Why Do Airplanes Still Have Ashtrays?

Since about 2000, smoking has been banned on virtually all airline flights.  Yet if you’ve flown recently, you’ll notice there are still illuminated “No Smoking” signs, there is a sign on the bathroom door, and below that sign is an ashtray.  Why?

Have you every heard the saying “There’s always someone who doesn’t get the word”?  Despite safety briefing and the signs, a few people still try to smoke.  (A Cathay Pacific flight attendant says she catches somebody smoking about once every six months.)  And once they light up, there has to be a safe place to extinguish a cigarette.

Not only do people still try to smoke, they try to hide their mistake in the lavatory waste bin, which of course is filled with paper.    In 1973, 123 passengers died on a Rio de Janeiro to Paris flight when the pilot made an emergency landing after the cabin filled with smoke, most probably from a cigarette.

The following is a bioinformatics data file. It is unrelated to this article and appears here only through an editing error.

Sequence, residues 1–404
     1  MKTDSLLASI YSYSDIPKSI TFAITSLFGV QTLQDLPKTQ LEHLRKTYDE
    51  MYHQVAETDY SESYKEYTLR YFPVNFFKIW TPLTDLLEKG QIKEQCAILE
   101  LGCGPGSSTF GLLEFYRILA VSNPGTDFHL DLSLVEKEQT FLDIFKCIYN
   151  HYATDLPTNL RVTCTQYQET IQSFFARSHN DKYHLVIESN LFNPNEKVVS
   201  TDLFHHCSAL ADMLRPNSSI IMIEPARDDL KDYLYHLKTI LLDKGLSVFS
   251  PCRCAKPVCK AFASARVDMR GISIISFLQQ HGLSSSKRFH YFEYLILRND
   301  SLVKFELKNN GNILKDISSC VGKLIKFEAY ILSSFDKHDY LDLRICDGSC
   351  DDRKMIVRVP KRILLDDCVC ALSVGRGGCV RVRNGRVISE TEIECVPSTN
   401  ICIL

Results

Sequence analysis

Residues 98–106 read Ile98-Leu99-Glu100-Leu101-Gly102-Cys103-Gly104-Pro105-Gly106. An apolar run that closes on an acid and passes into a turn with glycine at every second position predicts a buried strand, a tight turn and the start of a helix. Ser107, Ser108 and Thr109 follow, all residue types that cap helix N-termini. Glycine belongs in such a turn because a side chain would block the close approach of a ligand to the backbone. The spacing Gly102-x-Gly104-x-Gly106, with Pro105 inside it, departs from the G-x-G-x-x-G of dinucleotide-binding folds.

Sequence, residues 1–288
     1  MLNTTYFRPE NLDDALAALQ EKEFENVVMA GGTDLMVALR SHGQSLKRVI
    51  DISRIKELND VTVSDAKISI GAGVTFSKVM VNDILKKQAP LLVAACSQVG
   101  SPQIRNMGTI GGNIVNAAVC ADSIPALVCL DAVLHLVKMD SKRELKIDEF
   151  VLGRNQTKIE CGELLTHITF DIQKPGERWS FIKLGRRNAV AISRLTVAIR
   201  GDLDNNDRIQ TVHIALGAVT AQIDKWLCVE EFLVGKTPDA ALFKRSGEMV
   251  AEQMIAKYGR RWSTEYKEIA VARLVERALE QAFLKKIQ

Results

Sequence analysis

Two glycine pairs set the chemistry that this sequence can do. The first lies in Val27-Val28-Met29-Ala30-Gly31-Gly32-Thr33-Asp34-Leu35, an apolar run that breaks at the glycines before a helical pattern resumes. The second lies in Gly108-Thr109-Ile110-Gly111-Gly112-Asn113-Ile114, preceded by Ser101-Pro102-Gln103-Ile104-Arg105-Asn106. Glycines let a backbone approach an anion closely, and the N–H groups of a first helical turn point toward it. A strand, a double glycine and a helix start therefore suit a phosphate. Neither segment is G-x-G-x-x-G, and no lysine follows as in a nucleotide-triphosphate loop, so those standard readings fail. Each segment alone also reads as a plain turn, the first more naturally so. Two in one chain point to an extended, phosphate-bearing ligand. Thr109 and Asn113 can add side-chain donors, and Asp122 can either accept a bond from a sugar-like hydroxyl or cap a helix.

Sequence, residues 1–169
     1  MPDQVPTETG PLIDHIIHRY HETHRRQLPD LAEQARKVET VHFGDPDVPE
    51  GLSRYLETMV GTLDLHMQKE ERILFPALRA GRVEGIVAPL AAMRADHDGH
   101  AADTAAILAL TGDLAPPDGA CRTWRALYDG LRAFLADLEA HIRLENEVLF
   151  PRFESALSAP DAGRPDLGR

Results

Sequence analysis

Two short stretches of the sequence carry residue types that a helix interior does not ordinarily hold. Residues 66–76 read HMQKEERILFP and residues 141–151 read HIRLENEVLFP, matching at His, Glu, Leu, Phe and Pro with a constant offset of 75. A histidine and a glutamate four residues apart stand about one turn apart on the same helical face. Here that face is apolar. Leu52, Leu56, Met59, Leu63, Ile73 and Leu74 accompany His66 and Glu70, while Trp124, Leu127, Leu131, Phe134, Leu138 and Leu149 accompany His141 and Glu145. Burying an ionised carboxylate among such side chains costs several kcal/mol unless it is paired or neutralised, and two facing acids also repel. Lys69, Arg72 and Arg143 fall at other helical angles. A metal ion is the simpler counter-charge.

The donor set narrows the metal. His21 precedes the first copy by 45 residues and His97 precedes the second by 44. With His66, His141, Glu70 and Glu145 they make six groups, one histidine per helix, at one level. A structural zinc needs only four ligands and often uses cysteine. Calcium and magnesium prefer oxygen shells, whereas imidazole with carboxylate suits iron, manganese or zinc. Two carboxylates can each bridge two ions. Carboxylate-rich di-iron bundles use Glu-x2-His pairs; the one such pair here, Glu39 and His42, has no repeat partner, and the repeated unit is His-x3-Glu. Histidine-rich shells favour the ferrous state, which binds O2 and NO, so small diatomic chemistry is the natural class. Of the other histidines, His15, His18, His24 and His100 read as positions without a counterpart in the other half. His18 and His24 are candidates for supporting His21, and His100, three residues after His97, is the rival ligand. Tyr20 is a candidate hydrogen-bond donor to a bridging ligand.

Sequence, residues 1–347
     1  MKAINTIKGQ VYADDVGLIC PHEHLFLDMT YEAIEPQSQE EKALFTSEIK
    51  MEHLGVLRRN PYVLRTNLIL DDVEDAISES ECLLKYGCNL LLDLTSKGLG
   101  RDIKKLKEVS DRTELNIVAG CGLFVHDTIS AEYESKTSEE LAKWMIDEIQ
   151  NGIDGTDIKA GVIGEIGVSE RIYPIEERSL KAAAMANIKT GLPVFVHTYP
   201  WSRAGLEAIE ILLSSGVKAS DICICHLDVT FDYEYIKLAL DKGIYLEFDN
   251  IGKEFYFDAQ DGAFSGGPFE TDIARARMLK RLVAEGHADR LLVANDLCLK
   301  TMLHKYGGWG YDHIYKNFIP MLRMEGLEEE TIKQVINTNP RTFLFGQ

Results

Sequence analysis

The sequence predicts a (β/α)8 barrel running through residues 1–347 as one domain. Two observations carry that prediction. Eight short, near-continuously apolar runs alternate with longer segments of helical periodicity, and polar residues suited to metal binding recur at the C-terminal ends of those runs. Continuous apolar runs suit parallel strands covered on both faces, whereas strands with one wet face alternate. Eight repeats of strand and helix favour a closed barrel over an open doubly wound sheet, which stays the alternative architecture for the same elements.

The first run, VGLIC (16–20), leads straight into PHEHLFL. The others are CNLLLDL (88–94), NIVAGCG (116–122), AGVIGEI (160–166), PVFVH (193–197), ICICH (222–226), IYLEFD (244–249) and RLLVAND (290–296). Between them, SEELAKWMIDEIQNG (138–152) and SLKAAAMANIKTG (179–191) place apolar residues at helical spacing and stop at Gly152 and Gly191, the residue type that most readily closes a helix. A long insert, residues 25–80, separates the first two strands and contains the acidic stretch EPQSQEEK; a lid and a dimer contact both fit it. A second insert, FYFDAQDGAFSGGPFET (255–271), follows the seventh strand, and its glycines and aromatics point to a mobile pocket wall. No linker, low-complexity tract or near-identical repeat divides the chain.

So ashtrays in bathrooms are listed by as a legal requirement for “minimum equipment” by the Federal Aviation Administration (FAA), and in 2009 a plane was grounded for not having one.

Because some people just don’t get the word.

“The Real Reason Airplanes Still Have Ashtrays” by Joseph Hincks (http://time.com/4919780/airplanes-smoking-tray-ashtrays-airlines/ )

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